(Reuters) – Monsoon rains, vital for farm output in India’s trillion-dollar economy, have hit the country’s southern coast as scheduled, the chief of the weather office said on Monday.
Good rainfall after last year’s drought would help boost the country’s output of grain and oilseeds, help calm inflation that has triggered widespread protests and prompt the government to relax curbs on export of wheat and rice.
“The monsoon has hit the Kerala coast,” Ajit Tyagi, director general of the India Meteorological Department, told Reuters.
The four-month monsoon season has begun sooner than the usual date of June 1, in line with the weather office’s forecast that it would hit the mainland on May 30.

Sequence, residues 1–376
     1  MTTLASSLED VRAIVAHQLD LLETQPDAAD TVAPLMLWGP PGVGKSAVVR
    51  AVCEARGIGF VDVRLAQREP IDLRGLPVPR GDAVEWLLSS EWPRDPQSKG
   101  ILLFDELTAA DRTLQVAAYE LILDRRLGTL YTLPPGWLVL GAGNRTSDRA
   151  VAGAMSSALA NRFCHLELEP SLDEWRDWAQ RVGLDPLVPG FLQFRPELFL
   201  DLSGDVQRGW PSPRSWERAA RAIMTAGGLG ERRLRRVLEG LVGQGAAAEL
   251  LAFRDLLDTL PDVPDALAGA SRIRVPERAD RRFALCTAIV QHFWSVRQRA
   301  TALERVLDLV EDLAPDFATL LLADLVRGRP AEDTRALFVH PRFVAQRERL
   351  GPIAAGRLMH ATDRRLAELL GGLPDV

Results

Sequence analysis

“It’s raining here,” D. Sivananda Pai, director of the weather office, said by phone from Cochin, now widely called Kochi.
Widespread rains/thundershowers would fall across Kerala, the weather office said in its outlook for this week.
The monsoon rains are vital for the soybean, cane and rice crops in India, the world’s top buyer of edible oils and the biggest consumer of sugar.
The timely onset would help rein in double-digit food inflation by improving production prospects for summer-sown crops, said S. Raghuraman, a senior analyst with Delhi-based consulting firm Agriwatch.
“The start is good,” he added.
After last year’s driest season in nearly four decades, the June-September rains this year are expected to be 98 percent of the long-term average.
Last year, monsoon rains had hit the Kerala coast on May 23, a week ahead of the usual date, but actual rainfall was 23 percent below normal for the full season.
(Editing by Clarence Fernandez)